Captain Dugald Buie
Captain Dugald Buie is a native of Renfrewshire, Scotland, and was born in 1838, the son of Archibald and Sarah (McDougall) Buie, who had eight children in all, the others being named, respectively, Duncan (now deceased, who was for about sixteen years a navigator on the Great Lakes), John, Archie, Angus, Hugh, Sarah and Flora. The father, who was a farmer by occupation, came to Canada in 1848. He died in 1885, and the mother passed away a year later.
Dugald Buie obtained a little schooling at his birthplace, and came to Canada with his father, locating near Collingwood, on Georgian Bay. His first experience on the lakes was as a boy before the mast of the Canadian schooner Mary, of Port Dover, on which he remained one season. During the succeeding seasons until 1860 he rose to second mate, and in that year shipped out of Quebec before the mast in an ocean vessel engaged in the trade between that port and the West Indies. In 1862 he returned to the lakes, and after wheeling a trip in the propeller Sun went before the mast in the schooner San Jacinto for the remainder of the season. In 1863 he went on salt water again, shipping in the East India and South American trade. In 1867 Captain Buie went to Buffalo and shipped as second mate on the schooner J.V. Taylor for the season; for that of 1868 he was second mate on the propeller Sun; in 1869 of the Montgomery, and in 1870 of the Annie Young. In the latter year he was also second mate of the Orient, and about October 20 left Grand Haven, Mich., for Chicago; experiencing a gale of wind, they ran back for the port of Grand Haven, but they struck a bar outside of the pier and were wrecked, the vessel breaking in two fifteen minutes after striking the bar. In 1871 the Captain shipped as second mate of the Sun, and in 1872 of the Empire State. For the seasons of 1873-74-75-76 he was mate respectively of the Chicago, Plymouth, Mohawk and Colorado; for those of 1877 to 1880, inclusive, held the same berth on the Montana, and in 1881 became master of the Plymouth. For the next four seasons he was mate respectively of the Oneida, Vanderbilt and Syracuse, and in 1886 he commanded the Huron City. The following season he was mate of the Merker for a couple of trips, and from the spring of 1888 to the close of navigation in 1892 he commanded the steamer Buffalo, of the Western Transport- ation Company's line. During the succeeding seasons up to and including 1896 Captain Buie had charge of the steamer Boston, of the same line. In all his long experience on the lakes he never was in serious trouble but once, in 1890, when he put out of Milwaukee harbor with the Buffalo and grounded about one hundred and fifty feet from the pier, losing his shoe, rudder and wheel. The steamer drifted ashore in the wind and sea, and she was scuttled to keep her from pounding. In thirty-six hours she was pulled off and inside of the harbor unloading her cargo of general merchandise, and was later towed to Chicago and laid up, as it was the last trip in December.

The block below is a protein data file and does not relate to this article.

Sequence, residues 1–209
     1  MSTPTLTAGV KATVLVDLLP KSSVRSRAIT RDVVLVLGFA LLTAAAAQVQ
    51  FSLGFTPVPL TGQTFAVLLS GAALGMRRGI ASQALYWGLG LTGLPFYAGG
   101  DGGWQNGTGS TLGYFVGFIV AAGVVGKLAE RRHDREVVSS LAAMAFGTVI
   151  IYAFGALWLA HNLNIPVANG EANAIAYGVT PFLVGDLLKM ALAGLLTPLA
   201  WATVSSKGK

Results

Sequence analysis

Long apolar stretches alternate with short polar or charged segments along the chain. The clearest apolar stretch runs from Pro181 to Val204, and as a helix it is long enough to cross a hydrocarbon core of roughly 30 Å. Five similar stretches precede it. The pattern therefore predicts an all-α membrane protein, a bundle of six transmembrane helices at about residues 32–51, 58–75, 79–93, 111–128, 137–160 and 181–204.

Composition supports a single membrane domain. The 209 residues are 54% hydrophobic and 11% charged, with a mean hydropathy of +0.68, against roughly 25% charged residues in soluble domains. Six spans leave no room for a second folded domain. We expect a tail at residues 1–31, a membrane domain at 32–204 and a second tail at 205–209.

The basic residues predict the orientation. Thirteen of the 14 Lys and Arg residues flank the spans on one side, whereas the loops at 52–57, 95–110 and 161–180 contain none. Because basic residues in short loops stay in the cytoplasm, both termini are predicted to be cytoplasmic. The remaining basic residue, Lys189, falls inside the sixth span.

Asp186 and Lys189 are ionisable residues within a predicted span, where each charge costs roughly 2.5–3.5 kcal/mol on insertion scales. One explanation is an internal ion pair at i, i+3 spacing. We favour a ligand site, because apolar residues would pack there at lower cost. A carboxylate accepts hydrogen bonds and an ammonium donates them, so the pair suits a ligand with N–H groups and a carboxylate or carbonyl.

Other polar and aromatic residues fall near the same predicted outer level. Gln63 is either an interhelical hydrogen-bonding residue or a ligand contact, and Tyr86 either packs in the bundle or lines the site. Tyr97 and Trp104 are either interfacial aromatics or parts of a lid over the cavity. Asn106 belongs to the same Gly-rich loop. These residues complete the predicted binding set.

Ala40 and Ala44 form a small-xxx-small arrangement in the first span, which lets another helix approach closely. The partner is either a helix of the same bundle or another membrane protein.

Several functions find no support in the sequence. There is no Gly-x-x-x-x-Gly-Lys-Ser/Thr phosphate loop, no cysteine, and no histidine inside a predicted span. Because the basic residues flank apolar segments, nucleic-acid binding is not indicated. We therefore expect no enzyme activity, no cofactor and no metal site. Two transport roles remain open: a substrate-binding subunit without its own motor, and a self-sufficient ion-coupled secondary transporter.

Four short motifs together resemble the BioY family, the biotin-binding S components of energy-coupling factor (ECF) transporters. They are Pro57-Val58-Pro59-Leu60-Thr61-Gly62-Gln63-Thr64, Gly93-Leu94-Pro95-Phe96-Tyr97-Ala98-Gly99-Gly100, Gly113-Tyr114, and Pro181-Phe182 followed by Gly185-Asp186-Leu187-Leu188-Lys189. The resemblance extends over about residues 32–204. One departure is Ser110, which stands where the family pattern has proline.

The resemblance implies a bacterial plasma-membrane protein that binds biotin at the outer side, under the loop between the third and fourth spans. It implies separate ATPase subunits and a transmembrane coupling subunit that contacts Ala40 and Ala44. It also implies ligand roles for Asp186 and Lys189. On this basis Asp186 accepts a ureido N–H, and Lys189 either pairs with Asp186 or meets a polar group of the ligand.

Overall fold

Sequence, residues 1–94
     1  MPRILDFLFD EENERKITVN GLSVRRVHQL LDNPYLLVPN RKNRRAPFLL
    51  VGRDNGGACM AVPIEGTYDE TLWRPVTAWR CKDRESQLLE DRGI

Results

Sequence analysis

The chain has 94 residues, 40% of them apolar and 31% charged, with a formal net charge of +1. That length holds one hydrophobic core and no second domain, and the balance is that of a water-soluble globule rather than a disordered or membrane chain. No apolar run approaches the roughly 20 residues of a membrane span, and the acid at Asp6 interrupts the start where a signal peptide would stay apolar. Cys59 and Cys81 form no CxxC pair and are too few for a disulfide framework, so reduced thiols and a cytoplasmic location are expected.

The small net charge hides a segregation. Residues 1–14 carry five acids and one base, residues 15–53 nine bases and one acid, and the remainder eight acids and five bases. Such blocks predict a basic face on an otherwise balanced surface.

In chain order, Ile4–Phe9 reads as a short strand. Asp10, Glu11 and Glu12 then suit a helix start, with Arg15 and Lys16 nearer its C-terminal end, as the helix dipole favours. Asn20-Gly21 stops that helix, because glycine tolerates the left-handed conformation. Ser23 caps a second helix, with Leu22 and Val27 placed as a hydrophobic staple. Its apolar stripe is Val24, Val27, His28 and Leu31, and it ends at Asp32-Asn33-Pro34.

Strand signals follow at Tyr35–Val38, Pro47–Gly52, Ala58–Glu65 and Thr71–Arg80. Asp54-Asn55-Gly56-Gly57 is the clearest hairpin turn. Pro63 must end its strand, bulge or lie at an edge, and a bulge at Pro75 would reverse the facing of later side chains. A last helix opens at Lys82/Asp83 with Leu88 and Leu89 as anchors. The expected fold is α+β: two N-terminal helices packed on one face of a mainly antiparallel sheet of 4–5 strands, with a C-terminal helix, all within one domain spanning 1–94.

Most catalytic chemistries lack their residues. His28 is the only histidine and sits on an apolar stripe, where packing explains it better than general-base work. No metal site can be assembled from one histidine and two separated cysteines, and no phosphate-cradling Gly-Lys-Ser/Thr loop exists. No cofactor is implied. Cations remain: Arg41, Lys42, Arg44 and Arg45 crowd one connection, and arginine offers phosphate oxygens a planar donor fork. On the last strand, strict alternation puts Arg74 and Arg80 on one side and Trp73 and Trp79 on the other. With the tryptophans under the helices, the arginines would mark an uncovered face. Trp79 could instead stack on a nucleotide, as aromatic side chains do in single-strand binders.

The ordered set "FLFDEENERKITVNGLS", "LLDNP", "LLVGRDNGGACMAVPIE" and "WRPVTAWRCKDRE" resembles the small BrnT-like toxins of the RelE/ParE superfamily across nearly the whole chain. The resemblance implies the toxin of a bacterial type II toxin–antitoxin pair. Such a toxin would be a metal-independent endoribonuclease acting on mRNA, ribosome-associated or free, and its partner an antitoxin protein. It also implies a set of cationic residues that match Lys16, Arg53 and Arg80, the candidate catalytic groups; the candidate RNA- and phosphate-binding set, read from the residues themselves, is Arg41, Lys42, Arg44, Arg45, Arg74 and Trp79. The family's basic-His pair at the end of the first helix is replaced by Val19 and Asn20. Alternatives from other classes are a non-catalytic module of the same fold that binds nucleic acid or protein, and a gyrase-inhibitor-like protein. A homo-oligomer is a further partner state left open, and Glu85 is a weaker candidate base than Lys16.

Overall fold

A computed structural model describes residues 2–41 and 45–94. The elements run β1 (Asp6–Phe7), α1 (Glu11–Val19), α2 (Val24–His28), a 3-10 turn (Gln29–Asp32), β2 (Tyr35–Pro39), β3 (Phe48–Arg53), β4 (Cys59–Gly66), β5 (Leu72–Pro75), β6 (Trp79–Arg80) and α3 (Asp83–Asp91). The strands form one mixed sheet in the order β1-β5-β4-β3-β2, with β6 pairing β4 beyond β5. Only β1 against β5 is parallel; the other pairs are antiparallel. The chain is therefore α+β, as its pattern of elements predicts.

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This version of Volume II is based, with permission, on the work of the great volunteers at the Marine Captains Biographies site. To them goes the credit for reorganizing the content into some coherent order. The biographies in the original volume are in essentially random order.
Some of the transcription work was also done by Brendon Baillod, who maintains an excellent guide to Great Lakes Shipwreck Research.